On July 29, 2000, Byxbee was admitted to Stamford Hospital where she was diagnosed with an infection. She also underwent surgery for the removal of a benign mass the size of a tennis ball in her right breast. Rabin testified that a woman without dementia would have noticed the mass. Byxbee suffered another stroke during her stay at the hospital. Rabin testified that Byxbee was disoriented and would not have been able to comprehend the extent of her assets or to evaluate her future financial needs. Barry Spevak, a geriatric specialist, evaluated Byxbee over several days of her hospitalization and concluded that Byxbee suffered from chronic progressive dementia, could no longer care for

115 Conn.App. 725

herself at home and should be moved to a nursing facility for long-term care.

On August 11, 2000, Byxbee moved into Mediplex, an assisted living facility in Westport. Martin Perlin, who treated...

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6 practice notes
  • State v. Paige, No. 18495.
    • United States
    • Supreme Court of Connecticut
    • April 17, 2012
    ...Court, challenging the sufficiency of the evidence and the propriety of the jury instruction on the perjury charge. State v. Paige, 115 Conn.App. 717, 720, 727 n. 4, 974 A.2d 782 (2009). The Appellate Court concluded that there was insufficient evidence to convict the defendant on two of th......
  • State v. Dickman, No. 33781.
    • United States
    • Appellate Court of Connecticut
    • September 24, 2013
    ...(conviction under § 53a–139 [a][1] and [2] for forged insurance cards presented to Department of Motor Vehicles); State v. Paige, 115 Conn.App. 717, 729–35, 974 A.2d 782 (2009) (conviction under § 53a–139 [a][1] for forged letter submitted in civil proceeding), rev'd in part on other ground......
  • State v. Dickman, AC 33781
    • United States
    • Appellate Court of Connecticut
    • September 24, 2013
    ...(conviction under § 53a-139 [a] [1] and [2] for forged insurance cards presented to Department of Motor Vehicles); State v. Paige, 115 Conn. App. 717, 729-35, 974 A.2d 782 (2009) (conviction under § 53a-139 [a] [1] for forged letter submitted in civil proceeding), rev'd in part on other gro......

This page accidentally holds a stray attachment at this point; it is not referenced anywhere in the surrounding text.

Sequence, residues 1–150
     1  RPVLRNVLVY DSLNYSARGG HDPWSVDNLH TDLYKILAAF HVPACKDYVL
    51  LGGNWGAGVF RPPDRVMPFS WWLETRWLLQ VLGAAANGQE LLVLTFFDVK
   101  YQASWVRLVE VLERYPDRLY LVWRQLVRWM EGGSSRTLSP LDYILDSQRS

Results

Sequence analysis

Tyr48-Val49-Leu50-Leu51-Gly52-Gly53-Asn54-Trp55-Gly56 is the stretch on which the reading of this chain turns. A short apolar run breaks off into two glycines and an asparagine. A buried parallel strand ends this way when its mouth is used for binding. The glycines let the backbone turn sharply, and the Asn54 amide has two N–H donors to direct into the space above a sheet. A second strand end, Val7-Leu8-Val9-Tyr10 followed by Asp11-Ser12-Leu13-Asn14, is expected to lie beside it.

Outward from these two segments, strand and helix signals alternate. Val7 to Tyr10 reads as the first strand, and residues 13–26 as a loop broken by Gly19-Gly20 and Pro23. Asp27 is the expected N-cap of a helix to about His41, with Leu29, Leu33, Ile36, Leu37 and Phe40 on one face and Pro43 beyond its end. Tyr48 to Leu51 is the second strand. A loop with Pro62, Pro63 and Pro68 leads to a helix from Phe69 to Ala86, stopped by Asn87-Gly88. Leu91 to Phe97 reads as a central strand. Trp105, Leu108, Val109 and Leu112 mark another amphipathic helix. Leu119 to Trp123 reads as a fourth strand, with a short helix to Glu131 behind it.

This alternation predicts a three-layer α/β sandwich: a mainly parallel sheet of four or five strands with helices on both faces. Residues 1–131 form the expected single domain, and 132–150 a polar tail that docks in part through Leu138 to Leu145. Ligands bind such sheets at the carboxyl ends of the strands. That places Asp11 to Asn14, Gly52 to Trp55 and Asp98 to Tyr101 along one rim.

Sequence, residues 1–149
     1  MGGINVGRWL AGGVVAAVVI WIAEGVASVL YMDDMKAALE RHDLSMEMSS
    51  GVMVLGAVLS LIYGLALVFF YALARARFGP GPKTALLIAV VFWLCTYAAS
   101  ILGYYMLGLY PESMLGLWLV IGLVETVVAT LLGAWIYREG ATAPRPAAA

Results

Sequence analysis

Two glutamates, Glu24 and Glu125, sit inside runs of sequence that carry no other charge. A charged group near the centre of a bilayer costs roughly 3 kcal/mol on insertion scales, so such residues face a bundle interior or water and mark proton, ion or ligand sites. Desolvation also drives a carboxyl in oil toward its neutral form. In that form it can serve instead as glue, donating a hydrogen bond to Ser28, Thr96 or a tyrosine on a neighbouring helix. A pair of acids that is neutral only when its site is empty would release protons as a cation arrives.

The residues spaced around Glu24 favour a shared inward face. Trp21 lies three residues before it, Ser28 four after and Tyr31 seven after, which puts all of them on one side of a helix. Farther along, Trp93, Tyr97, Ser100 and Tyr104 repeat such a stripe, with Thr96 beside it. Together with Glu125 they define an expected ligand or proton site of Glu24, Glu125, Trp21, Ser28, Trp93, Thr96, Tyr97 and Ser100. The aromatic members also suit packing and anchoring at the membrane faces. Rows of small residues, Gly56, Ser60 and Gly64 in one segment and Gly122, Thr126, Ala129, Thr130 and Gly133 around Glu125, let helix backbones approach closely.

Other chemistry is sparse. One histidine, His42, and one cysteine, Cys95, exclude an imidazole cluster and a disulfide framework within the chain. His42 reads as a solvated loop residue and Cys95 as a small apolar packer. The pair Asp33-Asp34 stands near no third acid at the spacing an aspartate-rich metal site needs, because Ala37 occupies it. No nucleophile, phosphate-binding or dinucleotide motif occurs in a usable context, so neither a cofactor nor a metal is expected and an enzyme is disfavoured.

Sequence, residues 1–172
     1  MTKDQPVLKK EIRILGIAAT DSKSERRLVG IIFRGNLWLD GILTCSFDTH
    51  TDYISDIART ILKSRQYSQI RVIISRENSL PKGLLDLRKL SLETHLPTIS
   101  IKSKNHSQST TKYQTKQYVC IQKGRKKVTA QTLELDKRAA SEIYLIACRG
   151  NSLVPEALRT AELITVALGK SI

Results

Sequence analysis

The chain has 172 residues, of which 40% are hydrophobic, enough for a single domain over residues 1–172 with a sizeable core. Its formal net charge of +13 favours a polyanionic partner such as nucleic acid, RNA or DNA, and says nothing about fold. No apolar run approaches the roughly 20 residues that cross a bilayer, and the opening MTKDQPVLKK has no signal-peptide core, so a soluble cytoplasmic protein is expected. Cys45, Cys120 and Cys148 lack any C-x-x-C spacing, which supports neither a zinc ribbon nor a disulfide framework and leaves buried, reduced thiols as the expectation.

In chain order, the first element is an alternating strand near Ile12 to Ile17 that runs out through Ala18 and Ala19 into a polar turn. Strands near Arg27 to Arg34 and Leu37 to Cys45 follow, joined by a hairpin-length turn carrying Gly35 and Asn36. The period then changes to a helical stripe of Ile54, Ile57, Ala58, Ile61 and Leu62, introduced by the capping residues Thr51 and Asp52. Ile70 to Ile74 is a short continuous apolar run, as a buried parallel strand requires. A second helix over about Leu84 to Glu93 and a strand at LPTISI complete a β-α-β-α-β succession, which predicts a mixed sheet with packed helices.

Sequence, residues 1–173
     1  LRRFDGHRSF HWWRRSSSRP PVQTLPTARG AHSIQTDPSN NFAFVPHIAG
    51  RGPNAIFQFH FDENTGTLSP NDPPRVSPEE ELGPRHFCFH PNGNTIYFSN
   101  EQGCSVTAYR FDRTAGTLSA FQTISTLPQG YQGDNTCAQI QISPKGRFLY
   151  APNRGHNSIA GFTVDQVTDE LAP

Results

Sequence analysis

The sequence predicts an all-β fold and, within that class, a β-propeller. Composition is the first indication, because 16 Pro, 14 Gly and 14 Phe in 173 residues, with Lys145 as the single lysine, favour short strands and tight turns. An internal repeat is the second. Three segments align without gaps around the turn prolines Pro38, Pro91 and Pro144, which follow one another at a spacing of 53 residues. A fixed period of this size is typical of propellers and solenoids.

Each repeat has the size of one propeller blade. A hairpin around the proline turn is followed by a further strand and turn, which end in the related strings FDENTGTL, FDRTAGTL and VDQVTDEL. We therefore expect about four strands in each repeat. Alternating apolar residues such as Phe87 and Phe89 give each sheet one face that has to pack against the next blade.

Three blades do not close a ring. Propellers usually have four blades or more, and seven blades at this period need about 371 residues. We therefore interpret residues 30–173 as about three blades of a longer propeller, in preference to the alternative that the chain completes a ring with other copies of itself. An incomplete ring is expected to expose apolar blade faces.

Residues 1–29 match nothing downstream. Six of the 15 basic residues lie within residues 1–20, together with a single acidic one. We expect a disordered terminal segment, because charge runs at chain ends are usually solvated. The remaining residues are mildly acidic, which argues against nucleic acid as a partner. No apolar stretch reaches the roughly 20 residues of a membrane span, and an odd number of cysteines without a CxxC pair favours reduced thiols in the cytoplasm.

• Hamilton v. United Services Auto. Ass'n, No. 29633.
    • United States
    • Appellate Court of Connecticut
    • July 21, 2009
    ...victim and the evidence presented at trial clarified her claims, and the jury clearly found in her favor. Id., at 383, 577 A.2d 1093. 974 A.2d 782 In the declaratory judgment action before us, the allegations in the Thorson action are known, but the evidence that the plaintiff will present ......
  • Request a trial to view additional results
6 cases
  • State v. Paige, No. 18495.
    • United States
    • Supreme Court of Connecticut
    • April 17, 2012
    ...Court, challenging the sufficiency of the evidence and the propriety of the jury instruction on the perjury charge. State v. Paige, 115 Conn.App. 717, 720, 727 n. 4, 974 A.2d 782 (2009). The Appellate Court concluded that there was insufficient evidence to convict the defendant on two of th......
  • State v. Dickman, No. 33781.
    • United States
    • Appellate Court of Connecticut
    • September 24, 2013
    ...(conviction under § 53a–139 [a][1] and [2] for forged insurance cards presented to Department of Motor Vehicles); State v. Paige, 115 Conn.App. 717, 729–35, 974 A.2d 782 (2009) (conviction under § 53a–139 [a][1] for forged letter submitted in civil proceeding), rev'd in part on other ground......
  • State v. Dickman, AC 33781
    • United States
    • Appellate Court of Connecticut
    • September 24, 2013
    ...(conviction under § 53a-139 [a] [1] and [2] for forged insurance cards presented to Department of Motor Vehicles); State v. Paige, 115 Conn. App. 717, 729-35, 974 A.2d 782 (2009) (conviction under § 53a-139 [a] [1] for forged letter submitted in civil proceeding), rev'd in part on other gro......
  • Hamilton v. United Services Auto. Ass'n, No. 29633.
    • United States
    • Appellate Court of Connecticut
    • July 21, 2009
    ...victim and the evidence presented at trial clarified her claims, and the jury clearly found in her favor. Id., at 383, 577 A.2d 1093. 974 A.2d 782 In the declaratory judgment action before us, the allegations in the Thorson action are known, but the evidence that the plaintiff will present ......
  • Request a trial to view additional results